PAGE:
Professor Julia Carroll and Dr. Helen Breadmore have recently completed a project funded by the Nuffield Foundation comparing children with dyslexia and children with a history of repeated ear infections (glue ear). The report will be available shortly.
We know that children with dyslexia have difficulties in sound awareness tasks, and that children with a history of repeated ear infections (Otitis Media with Effusion, OME) also often have weaknesses in sound awareness tasks, probably because they have had reduced hearing in the past. The two groups have not previously been directly compared.
We were interested in whether children with OME showed the same pattern of sound awareness and literacy difficulties that dyslexic children showed. We were also interested in whether those children with sound awareness difficulties who escaped literacy difficulties were more likely to use other language skills to help them progress well.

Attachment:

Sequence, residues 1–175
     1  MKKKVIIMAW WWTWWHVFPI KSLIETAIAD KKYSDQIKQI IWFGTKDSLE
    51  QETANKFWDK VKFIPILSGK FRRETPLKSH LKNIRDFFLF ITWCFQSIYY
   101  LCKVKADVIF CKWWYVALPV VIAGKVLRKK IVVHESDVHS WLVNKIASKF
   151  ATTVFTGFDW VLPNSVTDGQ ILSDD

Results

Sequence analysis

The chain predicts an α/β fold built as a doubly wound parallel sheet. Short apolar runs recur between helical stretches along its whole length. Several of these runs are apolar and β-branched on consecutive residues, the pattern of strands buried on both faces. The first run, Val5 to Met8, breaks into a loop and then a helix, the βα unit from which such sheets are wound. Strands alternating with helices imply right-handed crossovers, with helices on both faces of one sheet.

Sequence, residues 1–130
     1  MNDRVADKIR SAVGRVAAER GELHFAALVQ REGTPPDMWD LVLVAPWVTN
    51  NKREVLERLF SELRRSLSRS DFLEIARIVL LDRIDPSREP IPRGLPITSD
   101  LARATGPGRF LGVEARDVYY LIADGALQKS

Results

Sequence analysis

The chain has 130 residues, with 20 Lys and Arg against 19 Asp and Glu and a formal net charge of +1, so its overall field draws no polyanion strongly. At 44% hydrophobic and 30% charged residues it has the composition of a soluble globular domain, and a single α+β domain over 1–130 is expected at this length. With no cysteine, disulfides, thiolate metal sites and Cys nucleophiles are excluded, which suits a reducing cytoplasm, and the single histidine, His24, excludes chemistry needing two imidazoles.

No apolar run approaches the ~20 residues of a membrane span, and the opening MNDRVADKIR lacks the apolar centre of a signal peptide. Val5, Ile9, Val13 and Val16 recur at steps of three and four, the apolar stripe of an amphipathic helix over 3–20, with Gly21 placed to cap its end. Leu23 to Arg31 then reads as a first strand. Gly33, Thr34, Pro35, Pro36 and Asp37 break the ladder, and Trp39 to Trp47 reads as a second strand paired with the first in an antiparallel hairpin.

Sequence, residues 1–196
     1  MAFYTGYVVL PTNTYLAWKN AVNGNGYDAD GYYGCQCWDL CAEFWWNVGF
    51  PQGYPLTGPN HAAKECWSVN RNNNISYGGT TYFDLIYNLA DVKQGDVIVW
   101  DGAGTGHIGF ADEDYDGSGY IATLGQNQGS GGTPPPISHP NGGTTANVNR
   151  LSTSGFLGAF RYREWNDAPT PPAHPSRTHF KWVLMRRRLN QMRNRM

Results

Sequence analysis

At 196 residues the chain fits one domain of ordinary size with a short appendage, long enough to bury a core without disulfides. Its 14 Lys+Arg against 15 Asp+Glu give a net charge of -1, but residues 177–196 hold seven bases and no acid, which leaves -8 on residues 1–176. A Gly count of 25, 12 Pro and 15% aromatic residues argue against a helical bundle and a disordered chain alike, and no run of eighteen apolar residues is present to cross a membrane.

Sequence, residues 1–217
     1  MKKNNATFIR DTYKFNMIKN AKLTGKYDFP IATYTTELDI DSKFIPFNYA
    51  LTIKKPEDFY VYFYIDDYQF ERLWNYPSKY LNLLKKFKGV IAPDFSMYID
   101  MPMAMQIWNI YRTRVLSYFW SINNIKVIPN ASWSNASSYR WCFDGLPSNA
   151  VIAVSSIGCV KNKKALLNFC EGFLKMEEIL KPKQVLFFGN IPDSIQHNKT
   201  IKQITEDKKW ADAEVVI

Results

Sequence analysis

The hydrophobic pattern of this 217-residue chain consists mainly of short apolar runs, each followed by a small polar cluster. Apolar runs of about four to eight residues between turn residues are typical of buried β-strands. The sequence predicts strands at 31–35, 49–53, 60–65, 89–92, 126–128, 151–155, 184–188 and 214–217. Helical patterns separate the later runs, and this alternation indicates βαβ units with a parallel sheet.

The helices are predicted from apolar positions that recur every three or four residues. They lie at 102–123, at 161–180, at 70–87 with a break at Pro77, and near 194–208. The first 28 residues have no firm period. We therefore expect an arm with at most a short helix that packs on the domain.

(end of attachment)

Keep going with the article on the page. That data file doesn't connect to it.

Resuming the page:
We found that many children with OME show normal literacy skills, but there is a significant subgroup (around a third) that has literacy difficulties. We were surprised to find that children with OME and children with dyslexia show different profiles of impairments: children with dyslexia show difficulties on language tasks which required conscious planning, while children with OME have difficulties only on the sound awareness tasks. Despite these differences, there are overlaps between the groups: around a third of children with OME showed below average reading, and 10% of the dyslexic children had undiagnosed hearing difficulties.
Our findings suggest that many children in school may have an undetected mild hearing loss, which would make it harder for them to access the curriculum. Current hearing screening procedures are not picking up these children, and we would advise that children have their hearing tested in more detail and more often, particularly if they are showing unexpected literacy difficulties.